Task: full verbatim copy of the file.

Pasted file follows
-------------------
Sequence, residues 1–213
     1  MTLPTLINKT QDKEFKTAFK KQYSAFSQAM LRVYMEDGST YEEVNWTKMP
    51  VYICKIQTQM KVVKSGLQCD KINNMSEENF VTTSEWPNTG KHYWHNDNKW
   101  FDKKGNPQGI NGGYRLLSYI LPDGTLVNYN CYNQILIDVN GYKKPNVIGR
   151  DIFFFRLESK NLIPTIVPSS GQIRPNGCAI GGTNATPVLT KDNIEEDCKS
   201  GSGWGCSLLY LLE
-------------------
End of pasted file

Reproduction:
Sequence, residues 1–213
     1  MTLPTLINKT QDKEFKTAFK KQYSAFSQAM LRVYMEDGST YEEVNWTKMP
    51  VYICKIQTQM KVVKSGLQCD KINNMSEENF VTTSEWPNTG KHYWHNDNKW
   101  FDKKGNPQGI NGGYRLLSYI LPDGTLVNYN CYNQILIDVN GYKKPNVIGR
   151  DIFFFRLESK NLIPTIVPSS GQIRPNGCAI GGTNATPVLT KDNIEEDCKS
   201  GSGWGCSLLY LLE